In the late 1990s, the IBM software team began considering the Linux ® operating system for its potential to offer an entirely new way of creating mission-critical enterprise software. Linux is an open-source operating system, developed not by a company but by thousands of programmers collaborating around the world, who contribute their time and effort for free. The software is available at no cost to millions of people who use it in billions of devices and systems. Linux has proven to the world that open-source software can become as robust as software developed in traditional ways.
In 2000, Linux received an important boost when IBM announced it would embrace Linux as strategic to its systems strategy. A year later, IBM invested US$1 billion to back the Linux movement, embracing it as an operating system for IBM servers and software. IBM’s actions grabbed the attention of CEOs and CIOs around the globe, and helped Linux become accepted by the business world.
In 1991, University of Helsinki graduate student Linus Torvalds, released on the Internet, his hobby project: an early-stage operating system he called “Linux” with a stable and operational kernel. Torvalds released the source code for Linux so that fellow programmers could see the inner workings of the kernel and provide feedback. He thought that maybe a dozen or so people would be interested. Just two years later, in 1993, hundreds of programmers, many of them at IBM, were working on Linux development in their free time, and entire companies, such as SuSE and Red Hat were marketing and servicing Linux-based software.
By the late 1990s, Linux was almost good enough to run high-volume servers—and it was free. Sam Palmisano, at the time an IBM senior vice president, came back from a global tour of Internet companies and reported that he kept hearing all about Linux from young programmers. As IBM’s head of internet strategy, Irving Wladawksy-Berger similarly kept hearing about Linux. IBM commissioned an internal study, which turned into a plan to use Linux to deliver innovation in new ways and create a new force of openness, quality, performance and security. Wladawsky-Berger and Palmisano supported this plan and helped convince then-CEO Lou Gerstner to make a big bet on the forces of open innovation. Adopting Linux as an IBM open operating system looked like a gigantic, risky, counter-culture bet. But “Linux perfectly fit what we needed,” Wladawsky-Berger said later. Over time, it became obvious that it wasn’t a counter-culture bet at all, but a leadership step towards the mainstream culture of the future.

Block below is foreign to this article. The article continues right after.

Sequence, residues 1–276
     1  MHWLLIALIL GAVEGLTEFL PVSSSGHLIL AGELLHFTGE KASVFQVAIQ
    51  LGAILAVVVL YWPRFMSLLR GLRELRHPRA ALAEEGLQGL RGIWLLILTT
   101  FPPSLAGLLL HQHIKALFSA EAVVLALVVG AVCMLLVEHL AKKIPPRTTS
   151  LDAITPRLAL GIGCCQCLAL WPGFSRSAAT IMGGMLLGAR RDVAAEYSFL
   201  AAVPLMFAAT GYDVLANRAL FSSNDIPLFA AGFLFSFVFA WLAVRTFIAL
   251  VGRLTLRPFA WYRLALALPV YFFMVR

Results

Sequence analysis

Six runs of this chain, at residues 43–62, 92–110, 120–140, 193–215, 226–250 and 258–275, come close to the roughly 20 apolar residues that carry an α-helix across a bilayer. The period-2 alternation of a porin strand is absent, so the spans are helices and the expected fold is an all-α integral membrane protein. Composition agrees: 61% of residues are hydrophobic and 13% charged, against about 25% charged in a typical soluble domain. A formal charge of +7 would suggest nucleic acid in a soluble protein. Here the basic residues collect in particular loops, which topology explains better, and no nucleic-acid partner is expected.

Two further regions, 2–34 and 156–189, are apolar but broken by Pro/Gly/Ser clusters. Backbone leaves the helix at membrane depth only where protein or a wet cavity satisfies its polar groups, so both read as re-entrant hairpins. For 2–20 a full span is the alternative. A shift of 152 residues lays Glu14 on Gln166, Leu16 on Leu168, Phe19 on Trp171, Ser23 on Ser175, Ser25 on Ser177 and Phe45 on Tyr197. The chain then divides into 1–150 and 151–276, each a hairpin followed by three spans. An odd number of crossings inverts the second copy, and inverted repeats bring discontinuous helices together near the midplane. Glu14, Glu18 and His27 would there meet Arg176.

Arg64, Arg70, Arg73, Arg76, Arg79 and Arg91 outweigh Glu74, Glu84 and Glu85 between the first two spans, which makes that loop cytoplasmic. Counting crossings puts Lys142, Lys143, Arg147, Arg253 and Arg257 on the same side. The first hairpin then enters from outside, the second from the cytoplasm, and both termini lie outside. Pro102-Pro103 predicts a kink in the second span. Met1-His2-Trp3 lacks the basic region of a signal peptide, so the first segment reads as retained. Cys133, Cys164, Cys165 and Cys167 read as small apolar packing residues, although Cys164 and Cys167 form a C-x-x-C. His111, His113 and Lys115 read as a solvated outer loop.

In January 2000, IBM announced that it was adopting Linux and would support it with IBM servers, software and services. More than that, IBM would leap in and become a major supporter of Linux, contributing broad resources to the community to help make Linux better—more specifically, good enough for enterprise-level business—and provide Linux credibility within the IT industry and with customers. The total investment: US$1 billion.
By inserting IBM developers directly into Linux communities, IBM engaged Linux development in natural ways, as a team of individuals, rather as than a lumbering and monolithic corporate contributor. IBM learned that involvement required influence in place of control and embraced the broadness of the Linux community—benefitting greatly from the wisdom of the crowds.
In 2011, Linux is a fundamental component of IBM business—embedded deeply in hardware, software, services and internal development. It is present in every IBM business, geography and workload, and its use only continues to increase. IBM’s success today, and in the future, is inextricably linked to the healthy growth and expansion of Linux development.
Seemingly, Linux is everywhere. From popular technologies, such as mobile phones and video game consoles, to high-tech applications such as mainframes and supercomputers, Linux is providing a flexible, stable, highly secure and cost-effective operating system around the globe. As businesses, governments and society at large continue to use Linux at an expanding rate, IBM will be there to deliver supporting technology and services and to help drive Linux advancement for tomorrow’s technological needs.